After the successful global release at the Palm Springs International Film Festival in California, the screening of Ádám Breier’s new movie, All About the Levkoviches was also a sell-out in New York. The ‘dramedy’ will also be screened at the Miami Jewish Film Festival before being launched in cinemas across Hungary on 22 February. At the screening at Lincoln Center’s iconic Walter Reade Theater as part of the New York Jewish Film Festival, the director was accompanied by co-screenwriter Bálint Csaba, producer Andrea Ausztrics and one of the lead actors, Tamás Szabó Kimmel, who also took part in a short public discussion afterwards.
Tickets were already sold out days before the screening in New York, and there was a long line of people at the box office an hour before the movie went on the silver screen, hoping to get in in the last minute.
Since I arrived half an hour early, I had time to chat with the couple sitting next to me. The wife, with a Polish-Russian Jewish heritage, has been attending this two-week mega-film festival for 30 years, and her Colombian-born husband has been accompanying her for the past 24 years (since the time they met), supporting his wife in preserving her Jewish culture this way, too. The talkative man took the opportunity to ask the Hungarian journalist sitting next to him (i.e. me) about not only her life in the US, but also the situation of Jews living in Hungary, especially in light of the current war in Gaza. I was happy to tell him that, regardless of the war, one of the largest Jewish communities in Europe can practice its faith and live its culture undisturbed. I also mentioned to him that the synagogue complex of the Dohány Street Synagogue in Budapest, built in the 1850s, is the largest synagogue in Europe and the second largest in the world. So the movie, which was shown in Hungarian and Hebrew with English subtitles, had not even started, but I could already (or rather again) feel like a ‘cultural ambassador’ of Hungary and, after seeing the movie Semmelweis in the fall, once again be proud that so many people overseas were curious about a Hungarian cinema.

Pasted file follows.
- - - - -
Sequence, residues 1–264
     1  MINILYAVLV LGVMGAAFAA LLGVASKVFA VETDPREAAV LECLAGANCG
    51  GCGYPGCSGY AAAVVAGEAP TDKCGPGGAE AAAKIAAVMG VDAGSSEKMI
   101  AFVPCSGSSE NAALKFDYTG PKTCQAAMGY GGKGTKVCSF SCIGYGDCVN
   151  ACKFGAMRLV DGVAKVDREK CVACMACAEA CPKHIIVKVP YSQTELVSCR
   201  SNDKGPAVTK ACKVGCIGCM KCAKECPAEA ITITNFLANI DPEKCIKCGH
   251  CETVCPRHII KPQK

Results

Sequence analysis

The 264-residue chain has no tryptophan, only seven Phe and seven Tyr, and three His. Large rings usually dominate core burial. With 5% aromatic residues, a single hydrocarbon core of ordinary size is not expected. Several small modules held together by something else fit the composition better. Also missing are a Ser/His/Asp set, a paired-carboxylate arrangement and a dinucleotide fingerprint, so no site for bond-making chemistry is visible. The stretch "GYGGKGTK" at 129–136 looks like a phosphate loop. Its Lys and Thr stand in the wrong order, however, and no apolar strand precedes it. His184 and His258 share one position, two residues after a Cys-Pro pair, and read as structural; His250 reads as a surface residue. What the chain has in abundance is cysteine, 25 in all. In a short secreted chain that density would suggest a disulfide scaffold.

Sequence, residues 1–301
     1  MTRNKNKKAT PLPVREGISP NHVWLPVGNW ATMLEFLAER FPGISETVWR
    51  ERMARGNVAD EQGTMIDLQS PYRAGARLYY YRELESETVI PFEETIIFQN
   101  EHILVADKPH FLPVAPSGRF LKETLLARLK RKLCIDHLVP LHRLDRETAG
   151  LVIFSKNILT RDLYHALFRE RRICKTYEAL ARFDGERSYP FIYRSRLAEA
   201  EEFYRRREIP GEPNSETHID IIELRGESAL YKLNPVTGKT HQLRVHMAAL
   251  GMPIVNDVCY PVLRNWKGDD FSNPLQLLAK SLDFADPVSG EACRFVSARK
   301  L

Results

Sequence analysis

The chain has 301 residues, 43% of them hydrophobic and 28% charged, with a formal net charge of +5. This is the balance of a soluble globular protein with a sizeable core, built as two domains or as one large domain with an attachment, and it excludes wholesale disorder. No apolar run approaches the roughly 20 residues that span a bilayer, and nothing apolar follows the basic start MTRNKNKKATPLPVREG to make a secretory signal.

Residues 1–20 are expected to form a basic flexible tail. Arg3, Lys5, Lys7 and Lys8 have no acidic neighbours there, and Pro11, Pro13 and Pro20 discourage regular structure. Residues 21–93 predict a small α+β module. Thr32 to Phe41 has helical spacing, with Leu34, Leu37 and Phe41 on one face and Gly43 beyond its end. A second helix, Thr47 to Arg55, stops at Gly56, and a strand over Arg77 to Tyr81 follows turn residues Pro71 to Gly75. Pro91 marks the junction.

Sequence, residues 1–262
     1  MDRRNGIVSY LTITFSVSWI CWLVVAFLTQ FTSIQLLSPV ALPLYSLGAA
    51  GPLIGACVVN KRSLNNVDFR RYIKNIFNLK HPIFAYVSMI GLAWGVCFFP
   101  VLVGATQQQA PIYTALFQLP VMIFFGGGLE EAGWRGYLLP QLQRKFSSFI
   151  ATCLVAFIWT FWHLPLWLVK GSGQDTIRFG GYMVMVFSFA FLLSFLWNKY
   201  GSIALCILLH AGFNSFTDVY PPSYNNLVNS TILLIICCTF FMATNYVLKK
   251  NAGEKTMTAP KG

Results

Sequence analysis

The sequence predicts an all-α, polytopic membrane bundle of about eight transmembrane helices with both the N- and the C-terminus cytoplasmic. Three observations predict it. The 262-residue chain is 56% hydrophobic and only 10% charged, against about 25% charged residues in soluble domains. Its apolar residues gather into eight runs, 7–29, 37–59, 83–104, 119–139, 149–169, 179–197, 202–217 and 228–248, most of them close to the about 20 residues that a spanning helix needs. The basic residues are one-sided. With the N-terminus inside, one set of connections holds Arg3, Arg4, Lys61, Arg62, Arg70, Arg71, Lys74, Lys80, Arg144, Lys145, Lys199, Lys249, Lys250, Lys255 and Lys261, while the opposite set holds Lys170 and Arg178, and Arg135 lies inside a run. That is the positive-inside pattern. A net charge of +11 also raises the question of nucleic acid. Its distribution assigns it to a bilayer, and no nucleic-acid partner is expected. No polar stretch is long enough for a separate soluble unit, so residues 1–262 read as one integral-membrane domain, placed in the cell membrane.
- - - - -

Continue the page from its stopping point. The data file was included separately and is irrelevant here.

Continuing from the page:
I did not know much about the movie before the screening, beyond the official press releases. The plot follows big-hearted but stubborn boxing coach Tamás Lefkovics (Zoltán Bezerédi) in Budapest and his son, Iván (Tamás Szabó Kimmel) who fled to Israel at some unspecified point in the past to escape from the permanent conflict with his father. He has started a family there as an Orthodox Jew, keeping in touch only with his mother (Ágnes Máhr) and he has not spoken to his father for years. When his mother dies unexpectedly, he returns to Budapest with his six-year-old son Ariel (Leo Gagel) for the shiva (a week of mourning in the family home) in accordance with Jewish traditions. However, his father does not observe Jewish traditions at all; thus the conflict is inevitable, as two worlds are pitted against each other through the two men, with the family’s future at stake.
I was curious to see what the first-time director brought out of this intricate plot, and not only was I not disappointed, but
I felt very proud being part of the audience, who reacted with laughter and tears,
and was delighted to receive congratulations afterwards from the couple sitting next to me, and then passing them on to the director and the main actor. The couple next to me even declared that they had seen lots of good movies at the New York Jewish Film Festival over the past thirty years including this year, but this one was outstanding. The moderator leading the post-screening discussion also spoke only in superlatives about the movie, so one thing is for sure: after California, it was a hit with the audience in New York, too, and will most probably be in Miami and, I am quite sure, it will be a success also in Hungary.
Why is that? When we hear that this is the first movie for both the director and the co-screenwriter, we try not to set the bar too high, but —as the lead actor told the director upon watching the first cut for the first time—it does not feel like a first for either of them. As Ádám Breier revealed at the post-screening public discussion, he had an explicit ambition to make a movie about Jews living in Hungary, but for a long time he could not find the right story until he turned to his own family’s stories. Bálint Csaba, who was asked to co-screenwrite, did the same, adding some of his own Jewish family experience. But Jewish background was not a factor in the adult actors’ casting, and Tamás Szabó Kimmel, in response to a question, revealed that he is not of Jewish origin. Forming his character was a pure acting achievement on his part; which also had a physical aspect, beyond the beard: before the shooting he was asked to stop exercising, eat and drink a lot more to look ’authentic’ for the role. However, the third main character, the six-year-old boy, came from the local Hungarian Jewish community. The director revealed that after it became clear that the budget of the movie based on funding from the Hungarian Film Institute’s Incubator Programme (and some Hungarian Jewish community support) would not allow for the casting of a child actor from Israel, he approached Jewish communities in Hungary looking for a boy who could speak both Hebrew and Hungarian—that is how he found Leo. As he explained, even the experienced adult actors needed some rehearsal—unlike the boy, surprisingly, except for those ghostly scenes he did not understand at first.